Apple's $14.5 billion in back taxes - it's not about the money

Profile picture for user gonzodaddy By Den Howlett August 30, 2016
The eye watering Irish tax bill Apple now faces may make the headlines but that is less important than the principles the EU is seeking to ensure are operated in the broad common market.

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Our own Derek duPreez reported earlier today on the EU's ruling to slap Apple with $14.5 billion in back taxes that Apple must pay to Ireland.

While the headline catching amount is certainly eye watering, although a small fraction of Apple's cash pile (it holds about $190 billion in various accounts, much of it out of the reach of US taxing authorities), it is the taxing principle that matters here.

Although it is not thought that other companies are under the same scrutiny as Apple, it is reasonable to assume that having got this decision, the EU will go after other companies, or, at the very least, actively encourage other nation states to do so. Why?

Long time colleague Richard Murphy, a highly vocal tax specialist had this to say before the quantum was known:

Ireland, to my knowledge, offered incentive packages that were individually negotiated during the 1980s depending on how much the company in question might bring to the country. A tax deal would seem to have been part of that package in Apple’s case. It cannot have been alone.

Let’s not pretend that this activity has ended: we know Luxembiyrg perpetuated it until relatively recently.

And we know many developing countries use such deals as an active part of their Foreign Direct Investment programmes, offering tax incentives that last for decades in some cases.

Murphy then assumes that Apple entered into a secret agreement with Ireland that was selective and so anti-competitive. It is not an unreasonable assumption although according to the Guardian:

Apple and Ireland have denied repeatedly that they have a special deal. Tim Cook, Apple’s chief executive, has called the investigation “political crap” and said his company and Ireland would appeal against a ruling that Apple received state aid.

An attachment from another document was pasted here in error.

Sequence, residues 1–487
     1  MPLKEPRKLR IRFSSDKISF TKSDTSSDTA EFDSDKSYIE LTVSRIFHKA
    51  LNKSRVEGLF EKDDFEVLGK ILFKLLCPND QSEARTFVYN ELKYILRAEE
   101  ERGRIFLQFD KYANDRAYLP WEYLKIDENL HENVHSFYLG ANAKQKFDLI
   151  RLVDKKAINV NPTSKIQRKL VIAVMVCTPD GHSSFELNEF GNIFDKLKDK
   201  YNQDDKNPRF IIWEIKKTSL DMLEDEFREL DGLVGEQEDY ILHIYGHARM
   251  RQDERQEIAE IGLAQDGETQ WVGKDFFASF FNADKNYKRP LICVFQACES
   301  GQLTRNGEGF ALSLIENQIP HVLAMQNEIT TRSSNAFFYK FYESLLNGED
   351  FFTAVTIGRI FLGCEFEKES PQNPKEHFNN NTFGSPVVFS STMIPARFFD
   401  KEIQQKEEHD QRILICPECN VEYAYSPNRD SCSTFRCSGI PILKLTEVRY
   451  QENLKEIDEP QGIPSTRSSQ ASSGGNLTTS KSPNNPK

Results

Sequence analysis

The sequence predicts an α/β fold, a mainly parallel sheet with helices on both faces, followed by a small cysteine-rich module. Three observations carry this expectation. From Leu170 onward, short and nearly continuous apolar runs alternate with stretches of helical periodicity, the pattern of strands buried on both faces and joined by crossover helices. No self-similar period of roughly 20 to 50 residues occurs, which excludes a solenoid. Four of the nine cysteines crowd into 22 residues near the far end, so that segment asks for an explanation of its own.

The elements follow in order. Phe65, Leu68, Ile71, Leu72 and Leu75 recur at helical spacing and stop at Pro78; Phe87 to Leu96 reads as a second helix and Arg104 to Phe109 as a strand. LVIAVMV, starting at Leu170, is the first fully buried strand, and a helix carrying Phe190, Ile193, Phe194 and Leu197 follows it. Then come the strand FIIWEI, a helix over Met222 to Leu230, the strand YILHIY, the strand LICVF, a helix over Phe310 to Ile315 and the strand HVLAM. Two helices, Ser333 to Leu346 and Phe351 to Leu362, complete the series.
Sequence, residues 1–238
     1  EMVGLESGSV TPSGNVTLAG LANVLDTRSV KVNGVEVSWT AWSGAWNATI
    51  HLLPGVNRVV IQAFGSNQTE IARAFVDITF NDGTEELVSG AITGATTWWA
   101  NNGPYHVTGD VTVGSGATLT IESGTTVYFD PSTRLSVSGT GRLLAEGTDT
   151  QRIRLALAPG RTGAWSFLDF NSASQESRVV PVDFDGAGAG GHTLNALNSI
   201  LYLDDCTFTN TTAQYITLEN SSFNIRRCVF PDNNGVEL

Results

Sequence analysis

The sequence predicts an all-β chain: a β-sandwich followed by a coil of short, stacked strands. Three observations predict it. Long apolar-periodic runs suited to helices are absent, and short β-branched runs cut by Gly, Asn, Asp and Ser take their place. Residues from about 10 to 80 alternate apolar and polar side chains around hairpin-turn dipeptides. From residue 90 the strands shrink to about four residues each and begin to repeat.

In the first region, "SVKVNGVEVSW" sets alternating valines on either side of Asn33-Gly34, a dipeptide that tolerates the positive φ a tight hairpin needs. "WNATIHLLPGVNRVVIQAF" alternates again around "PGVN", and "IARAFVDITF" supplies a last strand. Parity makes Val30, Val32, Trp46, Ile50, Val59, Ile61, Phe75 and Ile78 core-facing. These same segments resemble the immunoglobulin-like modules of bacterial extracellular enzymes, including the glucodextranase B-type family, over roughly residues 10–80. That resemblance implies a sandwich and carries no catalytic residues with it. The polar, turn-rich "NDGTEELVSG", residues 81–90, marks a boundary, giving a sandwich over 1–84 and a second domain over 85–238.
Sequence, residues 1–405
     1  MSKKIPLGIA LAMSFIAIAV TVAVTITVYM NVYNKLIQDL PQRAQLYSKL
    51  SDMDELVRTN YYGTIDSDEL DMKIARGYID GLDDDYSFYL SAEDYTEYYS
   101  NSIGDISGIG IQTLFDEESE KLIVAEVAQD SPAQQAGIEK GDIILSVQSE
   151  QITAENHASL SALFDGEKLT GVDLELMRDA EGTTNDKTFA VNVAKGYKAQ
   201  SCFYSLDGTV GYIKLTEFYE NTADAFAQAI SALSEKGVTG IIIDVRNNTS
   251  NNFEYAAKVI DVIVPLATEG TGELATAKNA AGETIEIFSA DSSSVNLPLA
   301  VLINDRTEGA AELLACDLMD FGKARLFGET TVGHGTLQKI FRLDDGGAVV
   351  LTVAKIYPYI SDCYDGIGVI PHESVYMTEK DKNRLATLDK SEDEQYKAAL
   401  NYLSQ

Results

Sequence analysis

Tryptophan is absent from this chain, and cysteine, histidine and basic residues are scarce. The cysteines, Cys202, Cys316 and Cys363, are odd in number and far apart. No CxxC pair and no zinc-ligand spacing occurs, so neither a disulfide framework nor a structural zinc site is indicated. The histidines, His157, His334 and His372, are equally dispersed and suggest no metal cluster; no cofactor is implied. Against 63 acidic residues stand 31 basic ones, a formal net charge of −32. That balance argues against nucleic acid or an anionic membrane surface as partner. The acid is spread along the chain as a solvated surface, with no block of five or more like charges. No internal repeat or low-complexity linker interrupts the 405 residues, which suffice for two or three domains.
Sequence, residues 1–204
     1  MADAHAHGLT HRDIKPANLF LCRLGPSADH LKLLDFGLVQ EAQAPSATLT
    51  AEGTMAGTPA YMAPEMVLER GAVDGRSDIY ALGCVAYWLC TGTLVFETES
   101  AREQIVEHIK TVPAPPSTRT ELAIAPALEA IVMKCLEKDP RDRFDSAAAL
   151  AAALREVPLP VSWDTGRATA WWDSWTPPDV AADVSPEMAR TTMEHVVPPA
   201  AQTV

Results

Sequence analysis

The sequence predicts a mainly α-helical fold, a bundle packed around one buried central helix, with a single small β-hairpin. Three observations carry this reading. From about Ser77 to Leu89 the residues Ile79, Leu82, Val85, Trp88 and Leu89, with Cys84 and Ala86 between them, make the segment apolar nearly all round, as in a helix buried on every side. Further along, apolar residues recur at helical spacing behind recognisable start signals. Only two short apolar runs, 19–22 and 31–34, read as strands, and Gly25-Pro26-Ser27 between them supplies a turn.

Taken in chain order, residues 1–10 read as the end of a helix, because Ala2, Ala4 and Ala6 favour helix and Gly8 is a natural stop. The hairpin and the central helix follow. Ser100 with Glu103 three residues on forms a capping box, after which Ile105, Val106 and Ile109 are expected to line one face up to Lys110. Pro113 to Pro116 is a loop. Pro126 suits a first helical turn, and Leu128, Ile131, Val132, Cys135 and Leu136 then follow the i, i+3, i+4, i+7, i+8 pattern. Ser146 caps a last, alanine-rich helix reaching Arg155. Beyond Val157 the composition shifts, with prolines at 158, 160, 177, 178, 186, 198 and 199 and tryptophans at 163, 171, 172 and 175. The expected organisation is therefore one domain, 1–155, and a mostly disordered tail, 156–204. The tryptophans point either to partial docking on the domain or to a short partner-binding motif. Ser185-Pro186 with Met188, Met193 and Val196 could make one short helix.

There is plenty of talk that Washington will retaliate but quite how is something of a mystery. If the US imposes arbitrary tariffs on Ireland then it will muddy the waters of an already complex issue and likely have a disastrous impact on an already fragile economy that is heavily dependent upon tech investment. If the US arbitrarily slaps duties or tariffs on EU goods then it flies in the face of recent proclamations about the importance of the EU as a trading partner. If the US takes any action at all, then it flies in the face of the populist view that outsize corporations enjoy tax benefits that are not available to everyone. In short, this is an extremely hot political potato that the EU has lobbed back to Washington suggesting that:

An alternative laid out by Brussels is for the US Internal Revenue Service to re-examine Apple’s cost-sharing agreements, forcing Apple’s Irish operations to pay a bigger share of US research and development costs. This would also reduce the Irish tax bill — but only through effectively generating a much bigger US tax bill.

The fact that Ireland is conjoining with Apple sets up a very interesting scenario. It's not as if Ireland doesn't need the money. Ireland was the I in PIGS (Portugal, Ireland, Greece and Spain) in the post-2008 financial crisis bailout situation. Property prices have been hammered in the Republic with precious few signs of recovery. Ireland is highly dependent upon the technology industry which it has successfully attracted through its benign tax regime. This from the FT puts the topic in context:

Pfizer last year tried to acquire Ireland-domiciled Allergan in a $140bn pharma merger that was predicated almost entirely on the attractions of Ireland’s tax regime. If the merger had succeeded, the enlarged company would have moved its fiscal headquarters to Ireland.

At this point, it is hard to see how Apple and Ireland will wriggle out of the ruling although my view is that the EU has hammered Apple with a view to accepting a lower figure on appeal while establishing a principle that can be used to go after others. And it is not as if the commentary surrounding the matter is making a case that the EU decision is wrong in principle. And while Irish politicians may be screaming 'foul' today, repudiating the ruling is going to be one heck of a hard sell to the Irish people in a country with some $223 billion in debt.

One thing is certain - those who are at the forefront of tax reform will feel emboldened to put pressure on nation states to create the level playing field many of them view as vital to fair competition. Tax policy is a big weapon in that armory.